Hey there, time traveller!
This article was published 18/9/2018 (421 days ago), so information in it may no longer be current.
In an increasingly polarized society, these are words one should hardly be surprised to hear:
"I guess we’ll just have to agree to disagree."
Differences of opinion, in fact, are healthy things. The free and open debate of topics of urgent public interest is the lifeblood of democratic endeavour. Rigorous discussion is also what shapes societal mores and influences public attitudes in progressive and forwarding-moving societies.
What are not — or, at least, should not be — open to individual interpretation are these two things: facts and the truth.
Which is why the results of a detailed survey by the Ontario Science Centre should be of some concern to Canadians. The survey, conducted for the centre by the polling firm Leger, raises questions about the manner in which scientific information is received and processed by the public.
Encouragingly, the results show that an overwhelming majority of those surveyed — 84 per cent — agreed that science is improving the quality of Canadians’ lives. Less comforting is the revelation that many respondents expressed concern about technological advances, such as artificial intelligence or self-driving automobiles, having a potentially negative impact on their lives.
More than half of those surveyed — 54 per cent — agreed that "there is a building tension between society and science in terms of (science) going beyond humanity’s needs."
Still, those numbers cannot be described as startling. Resistance to change and fear of the unknown are among the most deeply entrenched of humanity’s shared traits.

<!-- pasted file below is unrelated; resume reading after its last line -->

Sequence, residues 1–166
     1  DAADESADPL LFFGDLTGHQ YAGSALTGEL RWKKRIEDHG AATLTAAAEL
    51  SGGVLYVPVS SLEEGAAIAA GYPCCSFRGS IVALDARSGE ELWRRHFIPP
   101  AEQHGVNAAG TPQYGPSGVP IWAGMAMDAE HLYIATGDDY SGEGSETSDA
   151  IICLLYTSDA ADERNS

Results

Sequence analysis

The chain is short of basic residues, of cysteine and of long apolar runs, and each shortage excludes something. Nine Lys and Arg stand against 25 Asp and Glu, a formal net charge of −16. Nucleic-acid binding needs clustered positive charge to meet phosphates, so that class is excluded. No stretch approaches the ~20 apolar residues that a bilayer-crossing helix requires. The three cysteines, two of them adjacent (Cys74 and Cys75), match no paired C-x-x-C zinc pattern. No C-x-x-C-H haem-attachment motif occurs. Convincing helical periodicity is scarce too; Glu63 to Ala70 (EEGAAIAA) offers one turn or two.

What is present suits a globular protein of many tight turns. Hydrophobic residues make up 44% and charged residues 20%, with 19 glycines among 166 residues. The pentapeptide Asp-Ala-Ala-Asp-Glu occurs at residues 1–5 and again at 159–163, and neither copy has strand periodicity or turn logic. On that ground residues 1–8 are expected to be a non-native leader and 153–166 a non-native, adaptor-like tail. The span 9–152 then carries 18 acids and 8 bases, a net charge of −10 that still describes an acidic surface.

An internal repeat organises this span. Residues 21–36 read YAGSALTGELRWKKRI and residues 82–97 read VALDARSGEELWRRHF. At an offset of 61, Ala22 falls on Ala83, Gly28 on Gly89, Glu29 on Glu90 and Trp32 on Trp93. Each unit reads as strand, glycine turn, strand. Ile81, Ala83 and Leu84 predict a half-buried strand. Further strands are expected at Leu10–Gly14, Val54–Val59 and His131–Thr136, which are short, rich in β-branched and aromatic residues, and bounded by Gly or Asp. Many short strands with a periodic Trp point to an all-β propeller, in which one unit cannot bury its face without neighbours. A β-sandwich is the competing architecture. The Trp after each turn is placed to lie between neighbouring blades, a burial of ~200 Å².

Here, however, is the figure that is rather surprising: for the second consecutive year, the survey results suggests 43 per cent of Canadians consider science to be a "matter of opinion."
It’s the sort of revelation that stirs up echoes of U.S. presidential adviser Kellyanne Conway’s suggestion in January 2017 that the White House press secretary employed "alternative facts" in declaring Donald Trump’s observably sparse inauguration crowd to be the largest in history.
Opinions differ; always have, always will. But facts are facts. And those who dispute them tend to fall into two categories: those whose inability to believe what is provably true is rooted in a limited capacity to grasp such information, and those who seek to exploit and manipulate that ignorance for nefarious purposes.
The latter category is having a heyday in the digital age, as social-media platforms have created seemingly endless opportunities for the dissemination of false information, with the deliberate intent to sow distrust and anger, deepen divisions and undermine democratic processes. Despite claims to the contrary by some elected officials, efforts to root out the perpetrators of such mischief — many of whom have been shown to have direct or closely indirect connections to Russian interests — are fully justified and should be pursued with all possible determination. Those who dismiss such investigations as "witch hunts" almost certainly do so because they fear what might be revealed.
The creators of such platforms as Facebook, Twitter and Instagram have been under increasing pressure to account for the lax security their social media sites have employed to date, and to improve their mechanisms for limiting mischief and removing deliberately damaging content. While it’s true that the global nature of the internet makes it exceedingly difficult to apply individual national standards to online content, it’s equally valid to assert that the brilliant minds that created social media could have applied their genius to incorporating enforced civility into their designs. They opted instead for exploitable anarchy.
There’s an approach that has been used by military strategists and diplomatic officials since long before social-media platforms became the prevalent conduits for information in many people’s lives: trust, but verify.
At a time when nearly half the population seems to believe science — and by extension, perhaps, the very nature of facts — is a matter of individual interpretation, perhaps we should at least agree to be in agreement that truth is worth defending.
Editorials are the consensus view of the Winnipeg Free Press’ editorial board.